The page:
“Also, it provides electronic traceability, which can be uploaded to the hospital database, so at any point in time you can check the condition of each scope,” he adds.

Harald Huber,
Global VP for Product and Category Management at PENTAX Medical.

Ease of use and human error mitigation

Regarding the AquaTYPHOON’s ease-of-use, Huber says this is one of the biggest benefits. “With the AquaTYPHOON you simply connect the channels to the machine, press the start button, and it runs the cycle automatically.” This simple automation not only expedites the process, but also mitigates the risk of human error.

The AquaTYPHOON also has safety features such as a pressure sensor and a moisture sensor, which provide an alert signal if something is wrong with the scope.

Cost reduction and sustainability

The benefits of the AquaTYPHOON transcend simple efficiency and extend to significant cost reduction and enhanced sustainability. Huber elaborates: “By automating and speeding up the reprocessing of endoscopes, we make
it easier for already stretched hospital staff to handle more endoscopes more efficiently.”

Additionally, the marked reduction in single-use items such as detergents and brushes results in substantial cost savings.

“In our pilot hospital programme, when we were testing the device, we made sure that we had different hospitals with a different number of procedures each year. We had some hospitals with 7000 procedures per year, and bigger hospitals with more than 10,000 procedures per year. At these pilot sites we were able to confirm that the costs that are necessary for manual pre-cleaning can be reduced by as much as 80%, which is huge,” Huber points out.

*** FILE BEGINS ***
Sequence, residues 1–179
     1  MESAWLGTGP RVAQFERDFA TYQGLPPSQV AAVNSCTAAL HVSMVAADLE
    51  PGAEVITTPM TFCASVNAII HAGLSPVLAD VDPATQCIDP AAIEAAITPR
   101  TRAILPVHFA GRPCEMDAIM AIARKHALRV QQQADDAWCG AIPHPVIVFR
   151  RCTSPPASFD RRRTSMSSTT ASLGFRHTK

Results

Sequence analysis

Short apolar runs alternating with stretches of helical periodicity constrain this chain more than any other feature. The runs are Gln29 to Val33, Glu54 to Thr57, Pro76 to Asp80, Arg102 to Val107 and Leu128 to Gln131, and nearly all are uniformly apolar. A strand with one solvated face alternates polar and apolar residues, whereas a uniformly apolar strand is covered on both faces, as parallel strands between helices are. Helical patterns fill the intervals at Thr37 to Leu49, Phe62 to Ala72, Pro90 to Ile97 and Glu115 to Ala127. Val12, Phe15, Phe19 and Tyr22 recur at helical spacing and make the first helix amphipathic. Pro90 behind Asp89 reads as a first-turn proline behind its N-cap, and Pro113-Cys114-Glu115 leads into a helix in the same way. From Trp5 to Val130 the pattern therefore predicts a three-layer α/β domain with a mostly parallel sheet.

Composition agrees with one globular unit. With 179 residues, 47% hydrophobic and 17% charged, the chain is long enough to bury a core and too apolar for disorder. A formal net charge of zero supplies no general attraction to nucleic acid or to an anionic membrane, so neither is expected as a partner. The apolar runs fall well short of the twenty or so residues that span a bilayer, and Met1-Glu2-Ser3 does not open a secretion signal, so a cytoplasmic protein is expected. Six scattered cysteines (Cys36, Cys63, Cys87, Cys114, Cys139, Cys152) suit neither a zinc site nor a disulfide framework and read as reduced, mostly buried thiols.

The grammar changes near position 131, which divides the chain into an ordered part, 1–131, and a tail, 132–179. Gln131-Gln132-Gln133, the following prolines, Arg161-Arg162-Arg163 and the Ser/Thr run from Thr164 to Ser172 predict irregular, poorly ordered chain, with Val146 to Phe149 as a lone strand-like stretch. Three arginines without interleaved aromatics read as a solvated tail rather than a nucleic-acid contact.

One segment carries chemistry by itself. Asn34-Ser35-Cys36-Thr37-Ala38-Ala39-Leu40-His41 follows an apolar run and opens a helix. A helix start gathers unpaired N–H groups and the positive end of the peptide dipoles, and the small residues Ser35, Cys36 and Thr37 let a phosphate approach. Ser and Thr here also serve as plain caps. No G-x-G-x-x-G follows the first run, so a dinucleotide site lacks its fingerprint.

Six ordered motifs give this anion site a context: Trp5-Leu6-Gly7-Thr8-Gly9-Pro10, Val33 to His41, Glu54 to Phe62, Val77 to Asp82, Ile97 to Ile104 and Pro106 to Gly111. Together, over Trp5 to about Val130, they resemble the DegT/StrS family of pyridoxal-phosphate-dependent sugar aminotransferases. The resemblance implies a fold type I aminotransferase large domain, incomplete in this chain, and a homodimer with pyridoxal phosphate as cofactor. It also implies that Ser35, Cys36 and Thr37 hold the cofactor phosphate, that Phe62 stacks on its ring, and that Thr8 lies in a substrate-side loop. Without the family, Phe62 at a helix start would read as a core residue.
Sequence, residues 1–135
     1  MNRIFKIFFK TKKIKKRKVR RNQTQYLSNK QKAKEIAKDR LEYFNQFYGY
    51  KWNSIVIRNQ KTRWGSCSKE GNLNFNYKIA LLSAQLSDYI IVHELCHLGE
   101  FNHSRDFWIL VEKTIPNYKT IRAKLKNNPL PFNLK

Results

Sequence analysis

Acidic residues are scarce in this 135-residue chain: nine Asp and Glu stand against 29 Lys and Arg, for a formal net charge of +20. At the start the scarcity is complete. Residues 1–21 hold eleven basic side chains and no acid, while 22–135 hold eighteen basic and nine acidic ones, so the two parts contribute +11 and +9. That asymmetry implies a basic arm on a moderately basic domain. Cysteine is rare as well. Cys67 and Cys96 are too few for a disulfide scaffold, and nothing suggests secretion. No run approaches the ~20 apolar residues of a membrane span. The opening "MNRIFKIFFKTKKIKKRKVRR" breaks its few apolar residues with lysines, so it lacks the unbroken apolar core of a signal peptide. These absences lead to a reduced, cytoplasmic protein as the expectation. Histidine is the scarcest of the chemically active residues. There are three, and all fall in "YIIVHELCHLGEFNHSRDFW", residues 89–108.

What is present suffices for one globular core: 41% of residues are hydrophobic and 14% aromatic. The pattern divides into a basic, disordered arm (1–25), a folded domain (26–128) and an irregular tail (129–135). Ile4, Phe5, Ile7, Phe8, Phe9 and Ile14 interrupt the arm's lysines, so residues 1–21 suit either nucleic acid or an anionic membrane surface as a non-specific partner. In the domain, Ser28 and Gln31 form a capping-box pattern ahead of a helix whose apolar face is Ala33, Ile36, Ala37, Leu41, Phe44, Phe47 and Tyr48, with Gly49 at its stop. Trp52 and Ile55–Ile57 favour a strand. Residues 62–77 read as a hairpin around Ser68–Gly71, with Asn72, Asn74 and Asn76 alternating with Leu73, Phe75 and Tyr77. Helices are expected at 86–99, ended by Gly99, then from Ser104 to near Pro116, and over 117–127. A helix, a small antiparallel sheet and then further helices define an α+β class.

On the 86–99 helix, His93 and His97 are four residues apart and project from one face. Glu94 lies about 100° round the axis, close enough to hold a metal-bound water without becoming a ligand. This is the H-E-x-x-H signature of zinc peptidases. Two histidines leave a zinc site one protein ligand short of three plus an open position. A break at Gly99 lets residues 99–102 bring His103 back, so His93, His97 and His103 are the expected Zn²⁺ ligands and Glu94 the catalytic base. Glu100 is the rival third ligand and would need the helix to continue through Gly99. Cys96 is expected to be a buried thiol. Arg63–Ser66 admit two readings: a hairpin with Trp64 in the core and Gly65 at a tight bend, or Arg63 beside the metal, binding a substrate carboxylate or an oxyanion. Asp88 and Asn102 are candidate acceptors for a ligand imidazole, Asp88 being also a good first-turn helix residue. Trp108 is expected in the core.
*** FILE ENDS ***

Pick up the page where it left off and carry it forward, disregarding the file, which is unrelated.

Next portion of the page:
Turning to the subject of sustainability, which is now on many hospitals’ agendas as the world moves to combat climate change, Huber notes that this is of primary importance to PENTAX Medical.

He explains how the AquaTYPHOON can substantially advance a hospital’s sustainability initiatives. “In the normal, traditional manual pre-cleaning of endoscopes with a brush there is a lot of water use, because you have to drown the scope. You have to use detergents, which are pollutants. All of this is done with consumables, such as the brushes which are not reusable. It is not just the single-use brushes that are a problem, but also the packaging they come in. All of this adds up to a mountain of waste, which can be completely eliminated by the AquaTYPHOON.

“We established four pilot sites across Europe, where we collect data to confirm and also understand how the AquaTYPHOON helps in terms of waste reduction, water consumption, and so on. At these pilot sites we found we were able to reduce waste by 99% when compared to manual pre-cleaning and reduce water consumption up to 85%.”

Taking all this into account, the introduction of the Aqua­TYPHOON is expected to be a significant game-changer with regards improved efficiency, cost reduction and sustainability for hospitals and their endoscopy suites.

To date, the AquaTYPHOON has received the CE mark and is commercially available on the European market. Huber says they are in the process of applying for US FDA approval.